f)    Editors get kudos for discovering great new writers, and even more if you turn out to be the next John and Liz Soars, so there are chance available even if you've never written a book

The disadvantages are:
a)    There is high staff turnover, and you may find that once the person who was giving you writing work has moved on, the new editor has new ideas and your work dries up
b)    They have 5 year plans and you have to write within that plan- there is very little chance nowadays that they will pick up on your original suggestion and commission you to write it
c)    They are risk adverse, and so tend to go for big name writers or at least writers who work for big name schools
d)    The staff there are very busy and hassled, and it can be difficult to get help when you need it.
e)    They already have lots of writers, so it can be difficult to break into.
f)    There are people queuing up to write for them, so if you mess up by getting ill during your first writing job and not completing it etc. there is not likely to be a second chance unless you switch publishers or wait a good long while
g)    Editors tend to have MAs etc. in publishing, so you are unlikely nowadays to get a full time editing job without such qualifications just by writing for them for a long time if that is what you are looking for
h)    They are large companies- see for more details of what that can lead to
i)    If you are not based near the publishers, e.g. in Western Europe if it is a UK based publisher, you are likely to have problems meeting up with them face to face, making and keeping contacts, dealing with time differences etc. and this might put them off choosing you.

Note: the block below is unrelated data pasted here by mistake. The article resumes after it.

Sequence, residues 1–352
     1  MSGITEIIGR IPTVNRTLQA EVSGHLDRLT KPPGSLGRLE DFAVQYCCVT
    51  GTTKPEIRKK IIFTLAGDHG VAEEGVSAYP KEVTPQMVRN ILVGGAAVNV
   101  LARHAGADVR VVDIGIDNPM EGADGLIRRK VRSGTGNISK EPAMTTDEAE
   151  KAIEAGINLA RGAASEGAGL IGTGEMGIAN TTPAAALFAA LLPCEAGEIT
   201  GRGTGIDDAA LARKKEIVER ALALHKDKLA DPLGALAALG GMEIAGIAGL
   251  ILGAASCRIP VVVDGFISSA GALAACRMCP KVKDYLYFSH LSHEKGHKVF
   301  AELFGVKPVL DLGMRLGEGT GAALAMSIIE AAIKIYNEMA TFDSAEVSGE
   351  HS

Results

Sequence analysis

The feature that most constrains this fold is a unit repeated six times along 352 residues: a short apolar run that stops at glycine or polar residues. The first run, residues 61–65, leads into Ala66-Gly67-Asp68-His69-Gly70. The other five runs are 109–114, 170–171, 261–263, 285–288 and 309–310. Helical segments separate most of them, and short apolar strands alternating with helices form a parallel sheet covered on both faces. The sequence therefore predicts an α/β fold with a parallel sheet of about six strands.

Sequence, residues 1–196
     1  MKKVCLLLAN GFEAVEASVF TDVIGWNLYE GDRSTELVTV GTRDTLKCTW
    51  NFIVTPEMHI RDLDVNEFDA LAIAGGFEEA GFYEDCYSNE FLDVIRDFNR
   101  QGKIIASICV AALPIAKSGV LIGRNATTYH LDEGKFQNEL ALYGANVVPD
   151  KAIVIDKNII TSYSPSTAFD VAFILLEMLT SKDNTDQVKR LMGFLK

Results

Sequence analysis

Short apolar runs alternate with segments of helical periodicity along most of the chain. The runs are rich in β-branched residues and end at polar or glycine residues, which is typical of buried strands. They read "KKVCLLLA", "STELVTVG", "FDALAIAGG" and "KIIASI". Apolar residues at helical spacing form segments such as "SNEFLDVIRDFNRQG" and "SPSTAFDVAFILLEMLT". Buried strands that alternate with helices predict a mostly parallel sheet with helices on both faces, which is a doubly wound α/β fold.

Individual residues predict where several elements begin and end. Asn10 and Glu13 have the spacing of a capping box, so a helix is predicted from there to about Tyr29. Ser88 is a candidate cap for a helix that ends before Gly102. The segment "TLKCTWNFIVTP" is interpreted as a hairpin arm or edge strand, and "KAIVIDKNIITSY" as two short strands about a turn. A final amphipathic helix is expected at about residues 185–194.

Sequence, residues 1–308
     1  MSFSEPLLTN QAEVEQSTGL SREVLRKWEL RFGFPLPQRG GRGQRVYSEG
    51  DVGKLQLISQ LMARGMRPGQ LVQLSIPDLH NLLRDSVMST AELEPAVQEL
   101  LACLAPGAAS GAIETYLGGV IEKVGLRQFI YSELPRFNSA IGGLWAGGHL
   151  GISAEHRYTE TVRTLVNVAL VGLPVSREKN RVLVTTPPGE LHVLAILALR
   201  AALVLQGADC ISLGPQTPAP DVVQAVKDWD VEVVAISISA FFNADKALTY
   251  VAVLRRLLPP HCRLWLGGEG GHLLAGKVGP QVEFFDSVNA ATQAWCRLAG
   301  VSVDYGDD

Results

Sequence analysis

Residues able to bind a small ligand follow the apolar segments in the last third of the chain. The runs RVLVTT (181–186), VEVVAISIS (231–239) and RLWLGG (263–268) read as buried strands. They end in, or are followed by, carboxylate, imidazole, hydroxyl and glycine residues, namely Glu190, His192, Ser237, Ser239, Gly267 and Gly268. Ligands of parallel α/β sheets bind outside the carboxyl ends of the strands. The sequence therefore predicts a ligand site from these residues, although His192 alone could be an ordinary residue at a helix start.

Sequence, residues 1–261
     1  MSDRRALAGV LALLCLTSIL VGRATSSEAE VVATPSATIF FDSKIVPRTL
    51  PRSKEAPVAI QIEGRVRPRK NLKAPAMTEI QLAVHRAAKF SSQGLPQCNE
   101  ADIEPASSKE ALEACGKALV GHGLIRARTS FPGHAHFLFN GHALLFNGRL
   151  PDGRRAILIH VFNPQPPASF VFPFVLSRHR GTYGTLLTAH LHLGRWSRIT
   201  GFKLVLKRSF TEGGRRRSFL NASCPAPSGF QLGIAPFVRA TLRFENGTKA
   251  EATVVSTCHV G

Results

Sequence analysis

2.    Get in with the local big boys
Big publishers such as those mentioned above also tend to have local publishers who churn out textbooks etc. especially adapted for the local market, for example OUP Asia or MacMillan Latin America (this is often well hidden because if customers know the materials are locally produced they lose some of the shine of the big name). Most of the writing work mentioned above is available with them, although in different proportions to the international ones (e.g. less website work)
The advantages of setting your sights on these guys include:
a) They are based locally, so it is easy to meet them at local teaching conferences and make informal proposals, meet up and keep in touch with them once you do have work etc.